Do you recognise yourself in this following article I found in Word for Today? I know that this is who I was for many years until I discovered the amazing benefits of slowing down.
“Have you heard of ‘hurry sickness’? Those who have it zoom in and out of lanes in congested traffic; try to be the first off the plane, even though they must wait forever at baggage claim; honk at you if you don’t take off like a racehorse when the traffic light turns green; tap their fingers against anything they can find when they have to wait; punch the lift button repeatedly to attempt to move it faster.
They remind us of hummingbirds. These tiny birds can fly forward, then hover in mid-air going nowhere. Their tiny wings can move up to seventy-five times each second! The trouble is their average life span is only three years compared to an eagle that lives thirty years.
What’s the difference? The eagle has learned to conserve its energy by riding the God-given wind currents. The message here is simple: when you preserve your energy you last longer and go higher than you ever dreamed.
Adrenaline and Cortisol
Every time you get in a hurry mode, you send a ‘state of emergency’ signal to your body. And it responds by releasing the stress hormones adrenaline and cortisol that prepare you to deal with danger.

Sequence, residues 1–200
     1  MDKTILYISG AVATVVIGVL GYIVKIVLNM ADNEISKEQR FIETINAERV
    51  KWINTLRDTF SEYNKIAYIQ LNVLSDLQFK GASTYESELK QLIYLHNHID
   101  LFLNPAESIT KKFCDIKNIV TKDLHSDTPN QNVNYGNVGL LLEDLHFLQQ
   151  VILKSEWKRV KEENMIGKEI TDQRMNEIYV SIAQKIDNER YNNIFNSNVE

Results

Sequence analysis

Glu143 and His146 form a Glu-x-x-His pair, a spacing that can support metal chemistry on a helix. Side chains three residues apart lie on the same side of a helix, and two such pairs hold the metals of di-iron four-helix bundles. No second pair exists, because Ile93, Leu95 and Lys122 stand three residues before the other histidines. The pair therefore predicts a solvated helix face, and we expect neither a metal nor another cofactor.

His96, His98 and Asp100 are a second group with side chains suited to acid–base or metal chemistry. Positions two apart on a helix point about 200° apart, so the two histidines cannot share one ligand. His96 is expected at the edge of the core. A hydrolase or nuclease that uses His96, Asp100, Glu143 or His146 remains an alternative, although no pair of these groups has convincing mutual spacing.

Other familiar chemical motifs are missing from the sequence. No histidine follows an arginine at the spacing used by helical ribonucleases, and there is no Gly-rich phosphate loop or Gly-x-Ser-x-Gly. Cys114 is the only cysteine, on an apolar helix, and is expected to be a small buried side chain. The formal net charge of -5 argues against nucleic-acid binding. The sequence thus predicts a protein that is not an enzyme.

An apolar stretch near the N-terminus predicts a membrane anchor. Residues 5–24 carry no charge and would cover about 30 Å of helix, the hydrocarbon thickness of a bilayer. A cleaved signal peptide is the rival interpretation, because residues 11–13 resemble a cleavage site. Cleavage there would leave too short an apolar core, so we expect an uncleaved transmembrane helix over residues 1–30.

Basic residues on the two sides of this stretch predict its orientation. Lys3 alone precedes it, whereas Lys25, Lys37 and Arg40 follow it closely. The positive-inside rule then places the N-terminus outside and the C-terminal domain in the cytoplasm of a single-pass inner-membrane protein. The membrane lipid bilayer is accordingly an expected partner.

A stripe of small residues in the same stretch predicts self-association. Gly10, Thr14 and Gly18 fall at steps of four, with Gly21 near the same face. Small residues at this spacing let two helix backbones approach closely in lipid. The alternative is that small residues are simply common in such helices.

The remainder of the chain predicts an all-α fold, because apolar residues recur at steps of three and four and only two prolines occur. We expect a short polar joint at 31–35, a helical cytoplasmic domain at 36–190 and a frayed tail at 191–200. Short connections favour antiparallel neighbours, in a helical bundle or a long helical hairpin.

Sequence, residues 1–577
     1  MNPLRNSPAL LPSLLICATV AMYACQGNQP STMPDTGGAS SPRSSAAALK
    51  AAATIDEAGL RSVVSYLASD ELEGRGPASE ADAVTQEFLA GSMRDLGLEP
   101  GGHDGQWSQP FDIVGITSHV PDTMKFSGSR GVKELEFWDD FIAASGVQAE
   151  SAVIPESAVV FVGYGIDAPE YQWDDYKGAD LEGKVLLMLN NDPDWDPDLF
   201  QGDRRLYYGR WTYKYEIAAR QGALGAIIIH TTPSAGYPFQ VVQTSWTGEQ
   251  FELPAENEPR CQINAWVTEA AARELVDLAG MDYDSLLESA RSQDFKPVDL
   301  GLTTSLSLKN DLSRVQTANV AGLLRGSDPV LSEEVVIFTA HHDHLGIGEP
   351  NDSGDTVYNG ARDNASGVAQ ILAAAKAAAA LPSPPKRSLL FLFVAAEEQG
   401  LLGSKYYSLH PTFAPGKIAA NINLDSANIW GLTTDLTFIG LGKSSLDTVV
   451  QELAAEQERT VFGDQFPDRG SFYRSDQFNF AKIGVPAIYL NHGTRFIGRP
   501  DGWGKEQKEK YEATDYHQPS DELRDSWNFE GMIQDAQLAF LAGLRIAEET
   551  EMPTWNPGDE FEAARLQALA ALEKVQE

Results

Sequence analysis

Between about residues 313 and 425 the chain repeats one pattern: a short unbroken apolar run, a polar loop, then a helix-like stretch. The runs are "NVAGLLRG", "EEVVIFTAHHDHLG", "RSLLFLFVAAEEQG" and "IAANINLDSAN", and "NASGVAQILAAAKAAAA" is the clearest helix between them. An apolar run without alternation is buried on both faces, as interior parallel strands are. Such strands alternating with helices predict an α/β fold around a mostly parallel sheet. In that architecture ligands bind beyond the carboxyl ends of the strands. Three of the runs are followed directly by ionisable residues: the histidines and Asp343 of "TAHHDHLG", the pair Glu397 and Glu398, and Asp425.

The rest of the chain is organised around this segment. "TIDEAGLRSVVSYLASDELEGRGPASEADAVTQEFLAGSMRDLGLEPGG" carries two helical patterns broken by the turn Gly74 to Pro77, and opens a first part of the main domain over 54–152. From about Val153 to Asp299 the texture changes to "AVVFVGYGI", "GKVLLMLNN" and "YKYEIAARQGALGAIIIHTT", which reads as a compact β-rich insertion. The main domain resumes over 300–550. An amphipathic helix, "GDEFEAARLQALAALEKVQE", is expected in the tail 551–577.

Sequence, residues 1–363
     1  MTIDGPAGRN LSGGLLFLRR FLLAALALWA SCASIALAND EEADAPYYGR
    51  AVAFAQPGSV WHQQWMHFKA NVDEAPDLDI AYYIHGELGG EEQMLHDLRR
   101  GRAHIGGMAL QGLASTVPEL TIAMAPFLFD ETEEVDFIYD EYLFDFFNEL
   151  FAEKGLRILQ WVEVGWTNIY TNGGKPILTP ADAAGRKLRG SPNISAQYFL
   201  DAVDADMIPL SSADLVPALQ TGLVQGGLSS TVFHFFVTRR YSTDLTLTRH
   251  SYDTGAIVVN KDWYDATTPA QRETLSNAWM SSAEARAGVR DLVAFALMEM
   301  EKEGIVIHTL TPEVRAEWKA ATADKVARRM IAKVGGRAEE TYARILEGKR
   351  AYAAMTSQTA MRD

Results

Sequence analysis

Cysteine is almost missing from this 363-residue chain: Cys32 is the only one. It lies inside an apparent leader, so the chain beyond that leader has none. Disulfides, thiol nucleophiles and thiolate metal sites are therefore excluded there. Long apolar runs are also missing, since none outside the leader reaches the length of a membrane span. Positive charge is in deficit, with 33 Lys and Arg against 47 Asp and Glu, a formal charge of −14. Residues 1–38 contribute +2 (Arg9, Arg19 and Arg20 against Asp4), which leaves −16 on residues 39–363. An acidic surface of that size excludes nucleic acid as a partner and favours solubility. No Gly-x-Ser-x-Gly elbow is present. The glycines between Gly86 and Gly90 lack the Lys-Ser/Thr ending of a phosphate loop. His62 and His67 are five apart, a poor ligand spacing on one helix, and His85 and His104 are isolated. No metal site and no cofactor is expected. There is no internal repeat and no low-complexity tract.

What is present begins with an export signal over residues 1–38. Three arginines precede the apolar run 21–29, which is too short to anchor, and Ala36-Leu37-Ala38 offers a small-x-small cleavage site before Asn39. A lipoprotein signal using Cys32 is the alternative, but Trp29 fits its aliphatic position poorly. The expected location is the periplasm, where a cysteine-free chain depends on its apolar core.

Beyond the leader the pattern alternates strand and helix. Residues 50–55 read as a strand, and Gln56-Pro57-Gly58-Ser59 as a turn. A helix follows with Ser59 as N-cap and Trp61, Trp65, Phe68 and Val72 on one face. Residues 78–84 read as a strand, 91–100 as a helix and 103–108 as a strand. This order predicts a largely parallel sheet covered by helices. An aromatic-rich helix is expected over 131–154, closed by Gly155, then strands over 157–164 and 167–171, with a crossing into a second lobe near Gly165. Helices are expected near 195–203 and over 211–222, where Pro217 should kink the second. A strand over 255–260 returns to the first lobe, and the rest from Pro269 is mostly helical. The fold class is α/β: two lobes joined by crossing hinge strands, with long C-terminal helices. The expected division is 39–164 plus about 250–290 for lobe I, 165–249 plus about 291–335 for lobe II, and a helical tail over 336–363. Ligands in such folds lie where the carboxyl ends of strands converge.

The body cannot distinguish between physical danger, or the danger of losing your job, or any other form of stress and pressure. It only knows that action has to be taken and that it must energise you to deal with it.
Now, this is a good thing if you’re indeed physically threatened. But to live with your body constantly on high alert is like fighting a fifteen-round nonstop boxing match. Sooner or later, you pay the price in the form of heart disease, ulcers, forgetfulness, and a multitude of other conditions.
What’s the cure? A-B-C: Awareness, Belief, Change. Become Aware of your continual high-gear mode and what part you play each time you hurry. Ask yourself, ‘How could I have prevented this?’ Believe that you can change your behaviour. Change – consciously slow down. Talk slower, move slower.
Deciding to move at a slower pace will definitely improve the quality of your life, your health and your relationships.”
I changed and everything changed
It was only a couple of years ago when I was living this high tempo life believing that as long as I was moving fast, I was achieving more. I recognise my old self in the article above and it makes me shudder to think that was the way I was living. I can feel the stress just thinking about it.
I have learned to talk slower, walk slower, drive slower and the benefits of this are amazing. I am very rarely stressed. I am in control of my emotions, and I feel calm and relaxed during the day.
To achieve this, I have to be organised with time management meaning that I always leave early for meetings, I only work on one thing at a time and when I have completed what I can on that particular item I only then move onto the next and fully focus on that. I avoid distractions as much as possible and therefore achieve much more in each hour.